Braedan had a great session, Austin’s hemoglobin has actually gone up a tiny bit instead of down, delaying the need for a blood transfusion yet again, renal numbers held steady and all was well.  We lugged suitcases and backpacks full of goodies clear to the other side of the hospital (Braedan: “This place is like an underground city, Mom.”). The nurses were thrilled, happy to see their healthy, thriving little ex-patient. We chatted and wandered around the halls hanging up signs announcing the breakfast, when someone asked us how we planned to get home. Well, drive, . . . how else?

Then the nurses pointed to the line of cars sitting dead still on the road, not having moved for nearly an hour despite ambulances coming through in both directions. Total and complete gridlock. The line out of the parking garage alone would have taken more than an hour. So I fed the boys some high-sodium junk in the cafeteria, unloaded as much gear as possible into my car, piled on extra layers of clothing . . . and off we walked.

Thankfully, my parents live about halfway between the hospital and our home, so it was less than two miles but solidly uphill and through a full ten inches of snow. But my boys dug deep and turned the whole thing into a wonderful wintry adventure.  Austin needed to be carried on and off (mostly on) but Braedan didn’t complain even once, except when I tried to enlist him in a rousing rendition of 99 Bottles of Beer on the Wall. Even Austin, safe in my aching arms, was smiling and catching snowflakes on his tongue.

We arrived after 45 minutes of hiking, tossed our pants and socks in the dryer while we warmed ourselves with hot chocolate (them) and wine (moi).  Mark had driven about five miles in two hours before finding a place to stop and eat while waiting for the traffic to thin.  We were all home and ready to plow the driveway before 8.

The little beans are sleeping soundly in their beds, the snow is still falling outside, the families at the hospital will fill their bellies with homemade treats tomorrow and I will return to find my car in the parking garage, where, as Braedan noted, “it’s used to sleeping.” Better than last year, that’s for sure!

Thanks for all the responses to yesterday’s post.  First and foremost, I am no saint of a mother. Not at all. I’m impatient with my kids and short-tempered and have learned (the hard way) that screaming, “BE NICE!” is not the most effective parenting technique.

But I am quite pleased at the number of people I’ve talked to in the past twenty-four hours who’ve said that they’re now inspired to do something similar this holiday season. I told the boys this afternoon about friends who’ve heard they’re buying gifts for others and now want to do the same. So instead of just bringing Christmas (or Hanukkah) to two children, they’ll be responsible for bringing Christmas (or Hanukkah) to many. They thought that was pretty cool.

Austin is so into collecting money for our Providence House boxes that we used the extra hours of sunshine this afternoon to clean out my car (waaaay overdue), finding another $1.58 in sticky coins. And Braedan is positively wowed by the fact that we might round up an entire hundred dollars. We’re gonna cut coupons as an additional lesson in stretching our money as far as possible to have the biggest impact. Of course, I’m not actually going to bring all our change to the store — no matter how great a lesson that may be, I’m just not willing to do it.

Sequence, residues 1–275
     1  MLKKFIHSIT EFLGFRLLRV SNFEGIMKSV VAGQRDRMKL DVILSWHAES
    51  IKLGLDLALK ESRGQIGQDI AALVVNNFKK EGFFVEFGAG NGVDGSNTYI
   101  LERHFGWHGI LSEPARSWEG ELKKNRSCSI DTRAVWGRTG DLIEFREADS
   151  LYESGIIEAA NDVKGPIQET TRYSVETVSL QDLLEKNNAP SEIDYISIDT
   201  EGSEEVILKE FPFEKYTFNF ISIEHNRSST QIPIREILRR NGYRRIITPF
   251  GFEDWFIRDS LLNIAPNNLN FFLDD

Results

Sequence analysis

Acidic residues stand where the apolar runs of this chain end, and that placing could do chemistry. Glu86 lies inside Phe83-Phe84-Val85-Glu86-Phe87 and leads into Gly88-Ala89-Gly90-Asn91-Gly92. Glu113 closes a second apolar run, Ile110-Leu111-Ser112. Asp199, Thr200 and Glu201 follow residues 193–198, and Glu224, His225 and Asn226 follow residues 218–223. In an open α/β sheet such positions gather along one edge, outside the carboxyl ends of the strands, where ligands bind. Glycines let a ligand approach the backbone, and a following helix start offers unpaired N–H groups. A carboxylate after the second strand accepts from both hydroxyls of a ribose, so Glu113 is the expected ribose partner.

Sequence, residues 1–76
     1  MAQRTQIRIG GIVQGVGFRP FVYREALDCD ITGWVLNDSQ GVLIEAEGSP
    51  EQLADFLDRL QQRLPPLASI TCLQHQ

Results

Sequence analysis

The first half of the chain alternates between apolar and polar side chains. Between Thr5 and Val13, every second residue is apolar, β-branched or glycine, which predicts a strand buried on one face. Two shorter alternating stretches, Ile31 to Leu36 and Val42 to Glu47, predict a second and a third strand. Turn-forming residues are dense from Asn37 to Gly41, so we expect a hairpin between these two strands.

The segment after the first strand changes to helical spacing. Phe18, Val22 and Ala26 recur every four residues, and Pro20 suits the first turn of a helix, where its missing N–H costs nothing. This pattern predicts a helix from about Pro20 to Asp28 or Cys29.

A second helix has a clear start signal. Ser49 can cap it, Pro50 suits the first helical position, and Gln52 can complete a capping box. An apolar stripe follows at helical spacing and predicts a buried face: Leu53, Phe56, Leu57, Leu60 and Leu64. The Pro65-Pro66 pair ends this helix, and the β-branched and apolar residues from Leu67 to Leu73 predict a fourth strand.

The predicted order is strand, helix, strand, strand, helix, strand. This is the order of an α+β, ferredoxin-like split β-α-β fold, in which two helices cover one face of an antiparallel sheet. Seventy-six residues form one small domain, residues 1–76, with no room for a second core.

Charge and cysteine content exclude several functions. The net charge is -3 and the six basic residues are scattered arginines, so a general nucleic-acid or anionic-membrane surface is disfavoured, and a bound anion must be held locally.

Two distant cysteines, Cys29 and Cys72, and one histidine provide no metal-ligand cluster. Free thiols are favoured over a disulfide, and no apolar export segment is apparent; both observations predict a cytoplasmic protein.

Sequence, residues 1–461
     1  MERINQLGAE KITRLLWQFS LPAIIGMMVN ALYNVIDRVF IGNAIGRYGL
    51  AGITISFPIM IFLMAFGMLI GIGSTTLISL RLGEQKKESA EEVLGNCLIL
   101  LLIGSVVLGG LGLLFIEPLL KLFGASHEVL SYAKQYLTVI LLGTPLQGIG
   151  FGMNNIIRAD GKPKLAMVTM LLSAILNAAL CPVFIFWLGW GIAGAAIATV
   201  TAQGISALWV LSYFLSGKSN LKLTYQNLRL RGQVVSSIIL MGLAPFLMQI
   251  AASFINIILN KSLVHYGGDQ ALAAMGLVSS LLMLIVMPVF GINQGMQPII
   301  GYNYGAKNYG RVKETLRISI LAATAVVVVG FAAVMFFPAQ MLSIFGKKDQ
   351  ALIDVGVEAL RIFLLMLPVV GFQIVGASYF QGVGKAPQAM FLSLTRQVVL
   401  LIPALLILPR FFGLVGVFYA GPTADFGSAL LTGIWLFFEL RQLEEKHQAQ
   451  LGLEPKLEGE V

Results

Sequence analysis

I called Providence House today to see if they would take used shoes or clothes and they said no, only new, which is sort of a bummer but also understandable. She did say they would take books, puzzles and educational toys or games if they appeared new (of which we actually have a few). But mostly, we’ll be buying basics like diapers and baby food. If any of you want to add a few small items to the boxes, you can just drop them off at my house or bring them to me at school or wherever you see me before December 10.  I know it would seem silly to drive all the way down there to deliver a single bottle of laundry detergent, but if we work together we could make quite a significant contribution . . . and quite a significant difference.

Speaking of collecting and delivering small items, I have another amazingly simple idea. When we were in-patient, I was lucky enough to shower at home almost every day. But for most parents, you’re stuck in the hospital, far from home, often having arrived with little warning and little packing and perhaps no toiletries.  The floor staff provides toothbrushes and mini toothpaste, plus soap and baby shampoo, but that’s it. And I, for one, can not wash my hair without conditioner. It’s not about vanity — it would simply get too tangled to pull a comb through (and okay, it’s a little about vanity — you already feel awful, no need to look awful too).

So I spoke with a woman today at the Ronald McDonald Family Room at Rainbow.  This is a volunteer-run space with computers and massage chairs and old magazines where parents can unwind or take a small break from the exhausting work of watching over their sick child. They have free bagels and coffee and an always-full basket of candy to choose from. So I asked the woman if they would keep a basket of sample-sized toiletries for parents to take when necessary. She was thrilled and said they’ve had one in the past but it’s not currently stocked.

Soooooo, if you have any hotel shampoo (and conditioner!), lotions or soaps or even those samples you get when you buy make-up at the department store, bring them to me and I’ll put together a basket for the hospital. It’s such a tiny gesture and seems so minor, trite even, in light of what these parents are dealing with on any given day, but it’s nice to be able to wash your hair and even nicer to indulge for a brief moment.

I hope I can continue to inspire you. As so many of you continue to inspire me. Thanks and giving all around.